93 1 After reading this interview, Jon Ippolito added: ‘Isn’t it interesting how people seem to think relying on memory of the actual use of an object is mystifying it? Somehow we think archaeologists who dig an artefact out of the ground and try to figure out what it was used for without any context are being objective and scientific. Yet what is lost in that detachment from context is precisely the social memory of that object. Social memory, passed down orally or re-performed or re-created from version to version, may change over time. But to claim that a curator knows better than a Maori oarsman the meaning of a dugout canoe is preposterous.’
exhibit media art in media and formats other than those in which they were originally created, but they often do so without any explicit parameters that are part of the metadata, part of the historic record of the work, and without acknowledging the transmigration in the presentation of the work. Exhibitions show films on DVD and preservation projects migrate CD-ROM-based artworks to software running on hard drives. These are necessary moves, but they’re interventions and interpretations too. The Variable Media approach does not argue for more variability in preserving each artwork; it argues for more explicit variability that results in more variability where appropriate and less where restricted.1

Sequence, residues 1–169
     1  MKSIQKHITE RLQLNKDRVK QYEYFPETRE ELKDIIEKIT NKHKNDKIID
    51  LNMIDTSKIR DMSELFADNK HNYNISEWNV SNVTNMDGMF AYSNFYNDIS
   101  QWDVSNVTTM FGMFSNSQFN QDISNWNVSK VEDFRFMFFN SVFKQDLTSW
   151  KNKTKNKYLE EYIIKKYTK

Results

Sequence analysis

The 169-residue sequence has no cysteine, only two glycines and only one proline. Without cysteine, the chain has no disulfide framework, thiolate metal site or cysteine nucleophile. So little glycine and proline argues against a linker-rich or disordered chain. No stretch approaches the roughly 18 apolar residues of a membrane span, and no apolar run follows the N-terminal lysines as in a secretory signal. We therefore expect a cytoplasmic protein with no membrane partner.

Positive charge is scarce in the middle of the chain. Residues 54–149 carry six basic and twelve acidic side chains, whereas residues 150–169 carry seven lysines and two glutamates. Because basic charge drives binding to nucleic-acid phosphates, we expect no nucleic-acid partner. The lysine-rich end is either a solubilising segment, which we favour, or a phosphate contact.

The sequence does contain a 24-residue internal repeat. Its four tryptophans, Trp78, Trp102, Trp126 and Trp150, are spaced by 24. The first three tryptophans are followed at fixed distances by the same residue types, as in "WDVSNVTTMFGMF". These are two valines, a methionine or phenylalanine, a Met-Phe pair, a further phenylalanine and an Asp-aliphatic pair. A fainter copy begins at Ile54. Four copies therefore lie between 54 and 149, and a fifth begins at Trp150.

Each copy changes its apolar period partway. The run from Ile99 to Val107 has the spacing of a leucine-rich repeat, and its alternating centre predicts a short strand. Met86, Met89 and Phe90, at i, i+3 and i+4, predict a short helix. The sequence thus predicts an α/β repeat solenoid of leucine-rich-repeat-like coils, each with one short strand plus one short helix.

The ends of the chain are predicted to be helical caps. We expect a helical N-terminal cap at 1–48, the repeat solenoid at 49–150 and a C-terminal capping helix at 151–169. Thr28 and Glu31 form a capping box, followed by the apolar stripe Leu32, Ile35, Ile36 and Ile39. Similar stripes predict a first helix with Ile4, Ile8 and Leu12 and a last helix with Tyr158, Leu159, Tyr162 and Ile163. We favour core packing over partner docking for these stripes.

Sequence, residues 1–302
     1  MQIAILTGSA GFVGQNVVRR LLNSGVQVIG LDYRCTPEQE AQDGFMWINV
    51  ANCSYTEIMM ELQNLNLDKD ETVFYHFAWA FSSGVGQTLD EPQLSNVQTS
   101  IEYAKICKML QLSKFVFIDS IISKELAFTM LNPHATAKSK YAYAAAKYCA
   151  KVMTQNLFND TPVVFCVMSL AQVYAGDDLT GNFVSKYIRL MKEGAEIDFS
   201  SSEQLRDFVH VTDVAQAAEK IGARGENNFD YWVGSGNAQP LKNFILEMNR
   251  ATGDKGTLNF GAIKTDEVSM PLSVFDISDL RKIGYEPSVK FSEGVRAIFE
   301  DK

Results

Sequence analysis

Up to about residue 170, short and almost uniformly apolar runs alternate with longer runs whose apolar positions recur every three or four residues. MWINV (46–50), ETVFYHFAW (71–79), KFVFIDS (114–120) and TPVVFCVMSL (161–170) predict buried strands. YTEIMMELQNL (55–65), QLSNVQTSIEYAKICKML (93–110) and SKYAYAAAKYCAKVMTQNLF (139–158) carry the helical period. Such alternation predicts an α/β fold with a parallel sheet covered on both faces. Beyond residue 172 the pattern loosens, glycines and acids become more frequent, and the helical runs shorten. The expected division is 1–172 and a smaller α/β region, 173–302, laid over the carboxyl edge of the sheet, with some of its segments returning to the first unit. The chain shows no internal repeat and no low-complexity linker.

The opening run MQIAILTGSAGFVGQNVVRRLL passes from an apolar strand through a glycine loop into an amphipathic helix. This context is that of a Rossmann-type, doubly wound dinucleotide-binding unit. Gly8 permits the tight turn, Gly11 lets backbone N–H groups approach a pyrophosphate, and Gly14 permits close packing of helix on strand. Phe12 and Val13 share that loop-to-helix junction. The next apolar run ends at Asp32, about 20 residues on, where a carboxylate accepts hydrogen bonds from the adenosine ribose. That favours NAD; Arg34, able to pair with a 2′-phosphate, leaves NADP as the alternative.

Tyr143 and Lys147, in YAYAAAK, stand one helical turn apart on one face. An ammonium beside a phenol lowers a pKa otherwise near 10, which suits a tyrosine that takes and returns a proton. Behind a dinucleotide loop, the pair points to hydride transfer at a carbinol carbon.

You emphasise the acknowledgement of amateur and non-institutional practices. This could also be an interesting approach for safeguarding contextual information. I can imagine there is much to learn from a ‘bottom-up’ strategy. Nevertheless, my experience is that some of these networks are formed around very stringent frameworks, sometimes being stricter than museums in their approach and rules. What were the main advantages that you noticed and how do you think a museum could implement these? Social memory has long been practiced from both top-down (museums, governments) and bottom-up (folk and pop cultures) perspectives. As mentioned earlier, new media presents the impetus (and the tools) for reconsidering how we practice social media such that we might now consider new ways of integrating top and bottom strategies. Online communities (game-specific communities come to mind) offer one model, but not the only one. Sometimes the solution is simple. In one of the first online archive projects, the Bancroft Library at UC Berkeley, digitised and placed online hundreds of historic photographs from their collection of California history. They asked viewers to provide any knowledge they had of the photo or its subjects and allowed viewers to comment online. The institution gained invaluable knowledge related to their archives that would have previously been cost-prohibitive to gather.
Published on Aug 1, 2013
There is a growing understanding of the use of technological tools for dissemination or mediation in the museum, but artistic experiences th...